Blessed, humbled, and gratefully astonished. I have been all of those things since the Please, Pretty Lights launch party last week. Here are my six favorite moments of awesome in chronological order: Awesome moment number six: The day of the party, a gorgeous bouquet of flowers arrived from my mother-in-law Lynne who lives in Arizona.
I wonder if my relationship with Iphona is becoming obsessive. Yes, she has a name. Is that weird? You haven’t named your mobile device? That seems cold considering how close you two are.
This week Booktrope releases my debut novel Please, Pretty Lights on Amazon and bookstores will be able to order through Ingram. I have been given permission to leak the first few pages. I hope you enjoy.
Next time you’re watching a show, check out the drummer as they work their magic. Give thanks to the bringers of the beat. It’s easy to be enthralled with the cocky lead singer slinking the stage like a wildcat in heat. But if you do, I’m afraid you’ll be missing the real star of
It may just look like a gray carpet, maybe closer to beige, but to me it’s magical. Today is my 250th Pure Barre class. In an hour I’ll get to sign the 250-Club barre, which hangs high on the wall, but first things first. Our instructor Rachel tells us its time for the 90-second plank.
I’ve had friends and editors ask if I’m writing a Nirvana blog because PLEASE, PRETTY LIGHTS is set in Seattle. Two of the main characters are in a 90s cover band. When readers first meet Matt (on bass) and Nick (behind the drum kit) they’re on stage performing Nirvana’s “Breed.” Nirvana means a lot to them because I am their author, and Nirvana means a lot to me.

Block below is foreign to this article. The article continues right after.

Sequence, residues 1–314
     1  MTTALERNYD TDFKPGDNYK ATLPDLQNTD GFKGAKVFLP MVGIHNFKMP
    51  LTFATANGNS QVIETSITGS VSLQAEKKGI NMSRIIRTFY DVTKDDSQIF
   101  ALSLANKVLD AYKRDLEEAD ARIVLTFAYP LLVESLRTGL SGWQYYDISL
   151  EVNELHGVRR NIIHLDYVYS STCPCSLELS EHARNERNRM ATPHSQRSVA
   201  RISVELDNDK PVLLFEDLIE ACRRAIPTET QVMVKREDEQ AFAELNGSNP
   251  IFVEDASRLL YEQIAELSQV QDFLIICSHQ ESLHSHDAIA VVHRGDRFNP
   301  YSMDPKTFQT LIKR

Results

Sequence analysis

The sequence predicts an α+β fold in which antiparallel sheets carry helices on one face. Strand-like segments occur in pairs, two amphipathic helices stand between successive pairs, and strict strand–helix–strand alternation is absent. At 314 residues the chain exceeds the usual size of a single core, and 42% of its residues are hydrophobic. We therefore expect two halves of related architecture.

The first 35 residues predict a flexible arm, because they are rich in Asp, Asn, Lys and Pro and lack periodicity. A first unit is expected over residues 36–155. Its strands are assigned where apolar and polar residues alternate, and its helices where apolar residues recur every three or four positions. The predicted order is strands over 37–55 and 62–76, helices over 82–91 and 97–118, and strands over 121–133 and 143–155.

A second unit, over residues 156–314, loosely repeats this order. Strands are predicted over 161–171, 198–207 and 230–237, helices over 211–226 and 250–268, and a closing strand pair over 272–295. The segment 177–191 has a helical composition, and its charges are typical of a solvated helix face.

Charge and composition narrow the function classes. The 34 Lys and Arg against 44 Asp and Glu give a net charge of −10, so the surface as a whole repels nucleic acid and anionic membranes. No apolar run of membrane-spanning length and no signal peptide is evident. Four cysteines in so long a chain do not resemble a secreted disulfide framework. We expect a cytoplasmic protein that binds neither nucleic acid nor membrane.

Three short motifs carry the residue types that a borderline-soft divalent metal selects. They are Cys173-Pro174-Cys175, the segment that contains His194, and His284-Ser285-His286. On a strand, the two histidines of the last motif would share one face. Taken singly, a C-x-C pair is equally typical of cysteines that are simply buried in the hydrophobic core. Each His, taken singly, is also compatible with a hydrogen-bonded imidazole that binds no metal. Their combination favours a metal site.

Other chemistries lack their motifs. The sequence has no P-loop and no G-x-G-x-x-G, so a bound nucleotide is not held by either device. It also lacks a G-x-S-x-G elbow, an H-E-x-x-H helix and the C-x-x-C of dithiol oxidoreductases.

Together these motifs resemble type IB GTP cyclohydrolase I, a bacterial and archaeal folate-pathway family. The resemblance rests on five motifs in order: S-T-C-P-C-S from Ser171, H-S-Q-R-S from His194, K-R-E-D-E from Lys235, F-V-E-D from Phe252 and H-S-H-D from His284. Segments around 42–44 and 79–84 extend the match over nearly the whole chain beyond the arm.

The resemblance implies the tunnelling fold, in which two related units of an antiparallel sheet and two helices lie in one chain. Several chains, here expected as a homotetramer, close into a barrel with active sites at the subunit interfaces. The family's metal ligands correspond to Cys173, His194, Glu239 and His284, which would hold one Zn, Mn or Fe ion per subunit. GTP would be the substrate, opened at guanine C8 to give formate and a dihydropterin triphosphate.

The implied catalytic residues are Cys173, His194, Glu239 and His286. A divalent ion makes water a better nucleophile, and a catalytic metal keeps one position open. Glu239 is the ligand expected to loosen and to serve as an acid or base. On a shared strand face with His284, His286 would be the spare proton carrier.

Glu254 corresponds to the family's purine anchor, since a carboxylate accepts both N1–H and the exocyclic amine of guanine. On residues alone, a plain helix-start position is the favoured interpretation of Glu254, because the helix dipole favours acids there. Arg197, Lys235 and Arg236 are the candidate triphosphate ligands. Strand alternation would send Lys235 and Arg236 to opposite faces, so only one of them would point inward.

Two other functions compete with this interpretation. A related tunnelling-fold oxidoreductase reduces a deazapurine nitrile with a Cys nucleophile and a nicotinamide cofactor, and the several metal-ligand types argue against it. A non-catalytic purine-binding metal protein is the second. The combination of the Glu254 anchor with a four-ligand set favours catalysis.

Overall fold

Yes, I have written a blog – two actually. I wrote one with links to my favorite Nirvana songs from Bleach, Nevermind and In Utero. But, it felt off. It bummed me out. I wrote another about how Nevermind came out the same week I moved into the dorms at Western Washington University in Bellingham, Wash. And, how the strained and soulful voice of Kurt Cobain resonated with something inside me; something lost, something fundamental. How Nevermind launched my sense of independence before it crashed hard and fast; totaled by my Seattle-sound snobbery. Posting it now feels disrespectful. After 20 years as a writer, I’m still learning the difference between stories that should be shared, and those ultimately meant for an audience of one.
It’s the question I am getting a lot since launching my official author page (Ina Zajac Writes) on Facebook. What’s up with the squirrel? Is your book about squirrels? No, though there are four kick-ass raccoons. Before explaining, a quick update. Since signing with Booktrope last month, things have been hectic. It’s good stress, the kind
I am a proud Seattle native, and so this week has been sweet. In the spirit of fun, I offer 10 Seattle stereotypes I agree with and why. First, let me dispel the biggest Seattle myth out there. Those guys at The Market (Pike Place Market) are NOT always standing there throwing salmon around. They
This one goes out to all you writers, artists, musicians and intuitive types who don’t conform to labels.
I just heard an intriguing “Pop Cast” on Pop Tech with Scott Barry Kaufman, cognitive psychologist and author. Loved it, and wanted to share it with my fellow creators. Until a few days ago I had been unfamiliar with Kaufman’s work. He is an adjunct assistant professor at New York University, author of Ungifted: Intelligence Redefined, co-founder of The Creativity Post, and blogger for Scientific American’s Beautiful Minds.